Using live class recordings. We are recording class meetings to support remote students and to provide everyone in the class with useful study aids. These recordings will be available for review through our learning management system [identify the LMS, e.g., Canvas, Blackboard]. Students are prohibited from recording the class themselves unless a student has an approved academic accommodation for such recording. The university strictly prohibits anyone from duplicating, downloading, or sharing live class recordings with anyone outside of this course, for any reason.

Sharing student information. You may work on group projects with other students or be asked to review or respond to their work. Other materials and activities may provoke debate, argument, or spirited discussion; some of us may volunteer sensitive personal information. Do not share others’ personal information, including class dialogue or performance, on sensitive topics outside of our course community. Student work, discussion posts, and all other forms of student information related to this course should be handled with respect and remain within interactions of this course. You may publicly post your own work, provided it does not violate academic dishonesty policies or show responses to assessments; public posting of group work requires consent from all group members. Research conducted as part of a class is subject to UC research policies and may include sensitive information. Students may not share research information without permission from the instructor.

Sharing course information with others. Do not post images or identifiable conversations that occur in class to social media or to those beyond our learning community. Sharing private information about our course community (including discussions, activities, presentations, student work, etc.) with others for the purpose of inviting external attention, intrusion, ridicule, or harassment is an egregious breach of trust. Violating these principles will be handled according to the [link to applicable academic honor code].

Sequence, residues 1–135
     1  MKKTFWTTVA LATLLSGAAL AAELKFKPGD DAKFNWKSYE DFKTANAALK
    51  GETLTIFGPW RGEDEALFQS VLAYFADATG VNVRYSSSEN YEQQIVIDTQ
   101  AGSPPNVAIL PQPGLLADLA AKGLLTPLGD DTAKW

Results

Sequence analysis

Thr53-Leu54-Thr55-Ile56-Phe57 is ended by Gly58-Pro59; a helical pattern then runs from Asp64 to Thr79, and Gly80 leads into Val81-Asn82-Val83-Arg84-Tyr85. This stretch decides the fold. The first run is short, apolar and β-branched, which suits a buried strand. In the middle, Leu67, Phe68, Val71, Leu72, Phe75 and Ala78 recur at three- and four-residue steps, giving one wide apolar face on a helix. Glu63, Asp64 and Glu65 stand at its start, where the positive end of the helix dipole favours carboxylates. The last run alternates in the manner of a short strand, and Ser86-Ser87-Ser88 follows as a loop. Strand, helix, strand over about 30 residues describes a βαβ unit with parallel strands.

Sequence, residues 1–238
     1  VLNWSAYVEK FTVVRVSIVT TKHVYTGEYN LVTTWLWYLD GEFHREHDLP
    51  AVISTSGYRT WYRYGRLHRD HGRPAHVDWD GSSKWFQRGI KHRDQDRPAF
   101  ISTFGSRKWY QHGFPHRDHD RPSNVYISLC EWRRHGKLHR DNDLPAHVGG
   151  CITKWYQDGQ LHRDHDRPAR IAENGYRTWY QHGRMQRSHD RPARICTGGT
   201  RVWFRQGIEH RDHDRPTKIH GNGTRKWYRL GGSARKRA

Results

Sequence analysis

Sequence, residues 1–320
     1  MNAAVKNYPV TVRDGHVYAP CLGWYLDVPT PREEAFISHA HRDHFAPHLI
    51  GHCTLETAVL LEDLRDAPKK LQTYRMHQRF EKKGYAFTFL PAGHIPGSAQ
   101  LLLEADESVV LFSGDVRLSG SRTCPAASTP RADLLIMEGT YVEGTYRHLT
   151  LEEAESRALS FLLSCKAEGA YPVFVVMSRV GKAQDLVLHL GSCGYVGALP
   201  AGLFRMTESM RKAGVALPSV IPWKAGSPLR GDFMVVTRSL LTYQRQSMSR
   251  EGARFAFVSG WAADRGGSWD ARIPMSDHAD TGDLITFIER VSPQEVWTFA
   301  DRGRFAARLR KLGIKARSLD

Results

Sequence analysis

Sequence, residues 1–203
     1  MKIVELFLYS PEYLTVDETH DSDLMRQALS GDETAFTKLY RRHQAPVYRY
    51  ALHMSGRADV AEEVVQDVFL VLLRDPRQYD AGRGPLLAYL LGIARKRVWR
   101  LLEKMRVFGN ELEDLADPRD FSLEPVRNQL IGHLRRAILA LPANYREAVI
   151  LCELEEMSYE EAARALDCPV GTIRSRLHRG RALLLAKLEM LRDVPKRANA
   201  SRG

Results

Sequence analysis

Questions and resources. Finally, I encourage you to become active agents in understanding how your personal data is used and protected by the university. Answer the following questions (credited to A. Caines and E. Glass, “Education before Regulation: Empowering Students to Question Their Data Privacy,” EDUCAUSE 2019) to better understand how and why your data is collected, the potential risks of this collection, and how to better protect your personal data:

  • What types of personal data do you think are collected through your use of digital tools for educational activities?
  • Which of your university-affiliated daily activities collect personal data about you? Why?
  • What value does your personal data have for different contexts and entities? Consider how your data might be valued by your instructor, the institution, yourself, companies, and bad actors.
  • Who owns your personal data, who can sell it, and who can use it for what purpose?
  • Are there aspects of your identity or life that you feel would put you in a place of special vulnerability if certain data were known about you or used against you?

If you have concerns after reviewing these privacy practices and asking yourself these questions, I invite you to reach out to me or our campus privacy officer [provide CPO email] to discuss them. I also encourage you to learn more about privacy by visiting [provide privacy office website].

This article was written by the UC Campus Privacy Officials, with thanks to the University of Notre Dame and Carrie Klein of George Mason University for their syllabus language.